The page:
The Only Thing Holding Back Real Estate Tech is Talent

Despite the veritable explosion the real estate tech landscape has experienced over the past 10 years, that growth must be accompanied by the talent needed to handle these new companies’ operations. As is often the case with emerging technologies, there is a gap between the latest technological advancements and those who express the most interest in taking an active role in their implementation. This gap has historically been generational, although issues such as the male-dominated nature of the industry, the general volatility of startups and the skill sets required to navigate this tech have also posed challenges to the industry’s ability to attract talent.

Capital is Not the Issue
One factor that is decidedly not holding back progress in proptech is capital. Investment in 2021 alone was $32 billion, with over $50 billion in venture capital being placed in new startups between 2019 and 2020. However, the availability of funding is only one part of the equation. The most cutting-edge software, such as what is needed to create and maneuver a digital twin model, or program automated tools, is relatively new and requires a significant amount of training. While universities today offer highly specialized degrees in this field, they have only begun doing so recently, severely limiting the number of individuals who are qualified to fill these technology positions. This is exacerbated when considering geography; New York, Boston and San Francisco represent significant tech hubs, meaning that qualified graduates are often faced with relocating in order to participate in the proptech scene.

Tech startups must also overcome the hurdle of attracting candidates who are qualified, interested and located within proximity. This challenge is nothing new to startups, as they have also been facing similar challenges when appealing to investors. In recent years, investors have been gravitating toward more established real estate tech companies over startups, likely drawing upon the role these firms played in bringing the CRE industry through the height of the pandemic. In the first half of 2021 in particular, pre-seed and seed funding rounds received roughly 8% of venture capital funding, which has generally been the case since 2000, according to a recent JLL report. Conversely, between 2006 and 2008, Series C funding jumped from approximately 10% to 70%, a figure which has been maintained to this day, barring occasional dips.

Longevity and Demographics
As it pertains to appealing to talent, today’s proptech startups must be able to show longevity and resilience. The number of these startups has risen 300% from 2,000 to nearly 8,000 since 2011, and many have questioned whether this growth is sustainable. While many — myself included — believe that mass consolidation is around the corner and necessary, the fact remains that startups have a failure rate of around 90%, per the Small Business Administration. Knowing this, it can be difficult for new members of the workforce to place their faith in all but the most promising or established tech companies.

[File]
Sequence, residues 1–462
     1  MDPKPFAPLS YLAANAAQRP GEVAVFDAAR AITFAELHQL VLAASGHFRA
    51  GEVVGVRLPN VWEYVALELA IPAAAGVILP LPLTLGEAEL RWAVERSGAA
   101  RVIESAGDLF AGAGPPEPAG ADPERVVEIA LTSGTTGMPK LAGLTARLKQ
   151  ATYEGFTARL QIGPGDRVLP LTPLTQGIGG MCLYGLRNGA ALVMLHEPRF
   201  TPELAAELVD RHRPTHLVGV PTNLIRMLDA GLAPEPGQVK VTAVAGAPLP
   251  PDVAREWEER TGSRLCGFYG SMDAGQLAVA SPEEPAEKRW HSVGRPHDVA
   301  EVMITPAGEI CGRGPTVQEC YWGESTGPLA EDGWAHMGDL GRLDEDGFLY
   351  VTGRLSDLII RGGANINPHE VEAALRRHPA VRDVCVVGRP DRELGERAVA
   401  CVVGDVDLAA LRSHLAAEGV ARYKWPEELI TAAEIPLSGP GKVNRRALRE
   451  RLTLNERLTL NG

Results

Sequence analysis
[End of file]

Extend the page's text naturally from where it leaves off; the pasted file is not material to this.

The demographics of both the real estate and tech industries also pose barriers. Because real estate tech is positioned at the intersection of both, the real estate tech industry is similarly one-sided today. In fact, only between 5% and 20% of real estate tech founders are women, per a 2019 Forbes article. Further, nonprofit Transparent Collective found that only 1% of venture capital startup founders are Black, meaning that of the 10,400 companies that received funding in 2019, fewer than 400 are Black-founded. This lack of representation can make the prospect of entering the field particularly daunting for members of minority communities.

A Promising Outlook
Fortunately, there may be solutions on the. horizon. Because the real estate tech industry has thrived over the past two years and has seen tremendous surges in investment, the stage is set for the industry to make a significant leap forward in terms of which companies are able to remain viable for longer, especially once consolidation begins to occur on a wide scale. Additionally, the corporate landscape is far different now from it was even as recently as 2019, with the adoption of work-from-anywhere and hybrid models fueled by the same technology spurred by many of these real estate tech companies. This greater flexibility extends to both the manner that employees conduct business as well as who the employees are themselves. As an example, it is no longer as necessary for interested candidates to be in proximity to their employer’s physical location in order to join the workforce. Finally, the increased reliance on tech solutions in today’s CRE landscape means that more real estate tech companies will likely be able to compete with even the more established firms, leading to a healthy competition that will encourage more candidates to consider a career in property technology.

Overall, the real estate tech industry has faced unique challenges in acquiring talent that stem from the unique and evolving nature of the real estate tech industry itself. However, recent years have been particularly transformative for the industry due to the pandemic’s effect on the corporate landscape, leading to increased funding, greater necessity and an overall heightened reliance on technology in facilitating how business is conducted. With all of these factors combined, real estate tech is positioned to attract significantly more talent in the coming months and years and bring greater diversity to a blooming industry.